‘Averse to Using Military Force,’ Trump Calls Off Military Strike, Cites Potential Casualties
WASHINGTON – The escalation tensions between the United States and Iran nearly reached a tipping point Thursday after the Islamic Revolutionary Guard Corps, a branch of Iran’s armed forces, confirmed that it shot down an unmanned U.S. Navy drone.
President Donald Trump revealed in a series of tweets on Friday morning that U.S. military forces were ready to strike targets in Iran. But the president explained that he called off the attacks as the potential for casualties would have constituted a disproportionate response.
“We were cocked & loaded to retaliate last night on 3 different sights [sic] when I asked, how many will die. 150 people, sir, was the answer from a General. 10 minutes before the strike I stopped it, not proportionate to shooting down an unmanned drone,” Trump said on Twitter.
Trump’s last-minute reversal was further proof of the president’s resistance to use military force, Garret Martin, professional lecturer at American University’s School of International Service, told The Well News.
“For all of the bluster, for all of the tough rhetoric that Trump has used as he took office two-and-a-half years ago, he’s been very reticent and reluctant to actually use military force. To my account, and I could be wrong, I believe he’s only really ordered two strikes against Syria, once in 2017 and once in 2018. It seems that he’s sort of averse to using military force,” he said. “And he did campaign or talked a lot about taking the U.S. out of foreign entanglements rather than starting new ones.”
Trump also tweeted that he is in “no hurry” to respond to Iran’s aggressions and that Washington’s crippling economic sanctions on Tehran are working. He further claimed that the U.S. added more sanctions against Iran, but the Treasury Department’s Office of Foreign Assets Control, which is responsible for economic and trade sanctions, has not yet confirmed any new actions.
While Trump and other U.S. administration officials have repeatedly stated that the U.S. is open to talks with Iran, the leaders of the Islamic republic have thus far rebuffed any attempt of dialogue. Whether calling off a military strike changes Tehran’s attitude remains to be seen.
“I don’t think either side wants war, but it’s like a train that gets set in motion. It’s hard to stop once the tension has escalated,” Martin said. “If there are further incidents, such as the ones we witnessed lately, you may [find yourself] in a position where Trump or the leaders in Iran might have no other option but to initiate low-scale hostilities.”
The U.S. foreign policy expert believes that should the relationship between both countries further deteriorate, it will still not end in a full-on war.
“I think it would be targeted strikes on the part of the U.S. against Iranian facilities. And on the Iranian case, if they did respond, I think it would be asymmetrical, a tool that they’ve used so far, either putting pressure on tankers in the Strait of Hormuz or using some of their proxies, whether Hezbollah or Houthis, to attack U.S. allies in the region.”
On Capitol Hill, the response to Iran’s attack ran the gamut. Several House Republicans, including Minority Leader Kevin McCarthy, R-Calif., called for a measured response, while House Speaker Nancy Pelosi, D-Calif., said it is “essential that we remain fully engaged with our allies” and do everything to “de-escalate” the situation.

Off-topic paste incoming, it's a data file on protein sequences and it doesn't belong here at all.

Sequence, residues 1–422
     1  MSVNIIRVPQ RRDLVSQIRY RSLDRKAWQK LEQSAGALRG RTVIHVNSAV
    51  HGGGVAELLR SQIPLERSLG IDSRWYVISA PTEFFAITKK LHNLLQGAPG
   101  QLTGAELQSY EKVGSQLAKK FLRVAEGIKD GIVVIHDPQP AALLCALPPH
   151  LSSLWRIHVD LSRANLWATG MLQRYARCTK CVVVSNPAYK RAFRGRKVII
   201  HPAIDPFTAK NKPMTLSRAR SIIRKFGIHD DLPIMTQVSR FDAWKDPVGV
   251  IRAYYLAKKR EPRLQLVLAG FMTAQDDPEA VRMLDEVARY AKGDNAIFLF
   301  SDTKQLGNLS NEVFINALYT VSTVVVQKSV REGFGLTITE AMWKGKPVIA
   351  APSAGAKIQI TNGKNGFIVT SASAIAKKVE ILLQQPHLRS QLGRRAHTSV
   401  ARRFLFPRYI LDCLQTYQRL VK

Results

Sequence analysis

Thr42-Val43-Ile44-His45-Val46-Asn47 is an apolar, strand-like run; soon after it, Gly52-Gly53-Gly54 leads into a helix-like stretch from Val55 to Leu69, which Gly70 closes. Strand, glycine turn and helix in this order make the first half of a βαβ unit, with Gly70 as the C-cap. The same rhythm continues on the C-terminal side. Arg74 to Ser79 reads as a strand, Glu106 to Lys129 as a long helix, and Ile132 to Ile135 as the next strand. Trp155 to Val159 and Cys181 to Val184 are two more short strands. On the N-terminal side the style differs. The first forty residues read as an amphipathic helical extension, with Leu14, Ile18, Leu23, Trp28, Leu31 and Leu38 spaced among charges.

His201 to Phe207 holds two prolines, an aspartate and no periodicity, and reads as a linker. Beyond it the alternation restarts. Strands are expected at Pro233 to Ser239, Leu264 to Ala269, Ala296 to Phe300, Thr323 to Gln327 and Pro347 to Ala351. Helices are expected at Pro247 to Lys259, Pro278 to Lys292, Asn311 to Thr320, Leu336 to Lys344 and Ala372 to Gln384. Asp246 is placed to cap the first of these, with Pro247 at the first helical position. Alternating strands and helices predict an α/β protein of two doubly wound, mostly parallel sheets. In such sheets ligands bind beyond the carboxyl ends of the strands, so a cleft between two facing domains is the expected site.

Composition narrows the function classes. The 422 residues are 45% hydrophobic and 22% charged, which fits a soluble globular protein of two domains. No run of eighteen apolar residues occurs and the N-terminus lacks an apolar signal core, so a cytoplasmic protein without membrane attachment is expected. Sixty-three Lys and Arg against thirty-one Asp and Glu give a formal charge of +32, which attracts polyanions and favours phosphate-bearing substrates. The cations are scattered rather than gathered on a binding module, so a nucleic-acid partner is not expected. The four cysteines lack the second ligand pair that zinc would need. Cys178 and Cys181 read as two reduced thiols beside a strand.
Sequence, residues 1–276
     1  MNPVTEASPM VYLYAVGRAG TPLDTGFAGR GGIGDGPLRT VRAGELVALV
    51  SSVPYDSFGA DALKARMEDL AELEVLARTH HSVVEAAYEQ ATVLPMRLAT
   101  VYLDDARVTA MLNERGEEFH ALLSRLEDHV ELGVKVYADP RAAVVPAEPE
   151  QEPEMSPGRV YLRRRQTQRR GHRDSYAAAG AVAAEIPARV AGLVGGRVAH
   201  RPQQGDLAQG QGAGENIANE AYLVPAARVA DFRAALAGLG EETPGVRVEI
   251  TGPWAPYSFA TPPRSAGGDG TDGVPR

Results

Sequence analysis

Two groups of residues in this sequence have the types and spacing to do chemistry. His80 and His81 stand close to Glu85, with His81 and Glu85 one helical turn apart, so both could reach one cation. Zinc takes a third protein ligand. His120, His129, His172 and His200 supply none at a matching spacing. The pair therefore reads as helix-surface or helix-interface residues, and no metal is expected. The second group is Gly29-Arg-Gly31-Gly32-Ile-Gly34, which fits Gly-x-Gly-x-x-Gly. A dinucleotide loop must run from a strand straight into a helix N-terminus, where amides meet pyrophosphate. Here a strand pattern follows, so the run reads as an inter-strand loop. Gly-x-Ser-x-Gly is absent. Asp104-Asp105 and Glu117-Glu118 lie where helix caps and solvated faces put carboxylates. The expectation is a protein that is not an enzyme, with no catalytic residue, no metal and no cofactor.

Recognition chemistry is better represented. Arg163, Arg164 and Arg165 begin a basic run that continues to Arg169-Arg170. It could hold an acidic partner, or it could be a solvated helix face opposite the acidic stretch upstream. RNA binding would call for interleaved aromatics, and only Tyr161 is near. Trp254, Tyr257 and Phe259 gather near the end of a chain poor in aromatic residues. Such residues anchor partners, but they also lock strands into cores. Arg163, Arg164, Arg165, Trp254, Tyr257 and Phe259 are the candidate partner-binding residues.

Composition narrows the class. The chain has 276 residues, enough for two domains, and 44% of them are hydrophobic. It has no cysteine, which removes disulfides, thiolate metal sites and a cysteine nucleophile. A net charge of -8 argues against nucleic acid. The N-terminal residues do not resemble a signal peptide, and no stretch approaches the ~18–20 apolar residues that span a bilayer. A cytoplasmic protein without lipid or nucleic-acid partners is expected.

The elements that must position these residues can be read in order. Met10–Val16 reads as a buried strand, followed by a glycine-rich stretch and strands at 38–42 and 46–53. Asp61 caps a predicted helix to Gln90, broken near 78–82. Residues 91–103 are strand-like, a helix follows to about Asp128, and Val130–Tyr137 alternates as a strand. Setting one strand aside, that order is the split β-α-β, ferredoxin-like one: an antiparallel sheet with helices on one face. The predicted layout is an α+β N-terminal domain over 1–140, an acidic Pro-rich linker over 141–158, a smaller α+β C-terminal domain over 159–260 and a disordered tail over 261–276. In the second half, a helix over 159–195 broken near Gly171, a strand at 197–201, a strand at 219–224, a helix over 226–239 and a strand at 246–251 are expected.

South Carolina Sen. Lindsey Graham was more direct in his remarks when he said that Iran’s actions increased the potential for an armed conflict.
“They made a big mistake by shooting [down] our drone,” Graham said on Thursday. “If they are itching for a fight, they are going to get one. … Iran’s fate is in their hands, and it’s up to them to decide how this ends.”
Meanwhile, a Revolutionary Guard Corp commander said Friday that Iran refrained from blowing up an American P-9 plane with 35 people on board that was accompanying the unmanned drone, according to unconfirmed media reports.
U.S. Central Command declined to comment on the reports.
In The News
WASHINGTON – The U.S. Treasury Department on Friday imposed sanctions on Saudi Arabia’s former deputy head of Intelligence and the nation’s “Rapid Intervention Force” for their roles in the murder of Washington Post journalist Jamal Khashoggi. The move came just hours after the Biden Administration released... Read More
WASHINGTON - If ever there was a sign that a new sheriff is in town in the nation's Capitol, it was the tenor of President Joe Biden's first bilateral meeting with Canadian Prime Minister Justin Trudeau. Though the coronavirus forced the two leaders to convene virtually... Read More
WASHINGTON (AP) — Joe Biden will make his first big appearance on the global stage as president on Friday, offering Group of Seven allies and other foreign leaders a glimpse into his plans to dramatically reshape U.S. foreign policy even as he deals with a number... Read More
WASHINGTON (AP) — A new-old ritual is taking shape in the Biden White House, one that starts with bulky briefing packages, war-gaming the "what-ifs," and Oval Office discussions about how to talk to this or that particular U.S. ally or adversary.Twelve times since he took office,... Read More
WASHINGTON - President Joe Biden announced Wednesday that he is imposing sanctions on military leaders in Myanmar who directed the coup that deposed and detained its elected leader, Aung San Suu Kyi, President Win Myint, and several other individuals. Speaking to reporters in the South Court... Read More
WASHINGTON — When it comes to COVID restrictions along America’s northern border, the United States and Canada are treating travelers rather differently. While this may not be as concerning for most general discretionary travel, bi-national families are increasingly frustrated with U.S. policies barring Canadian citizens from... Read More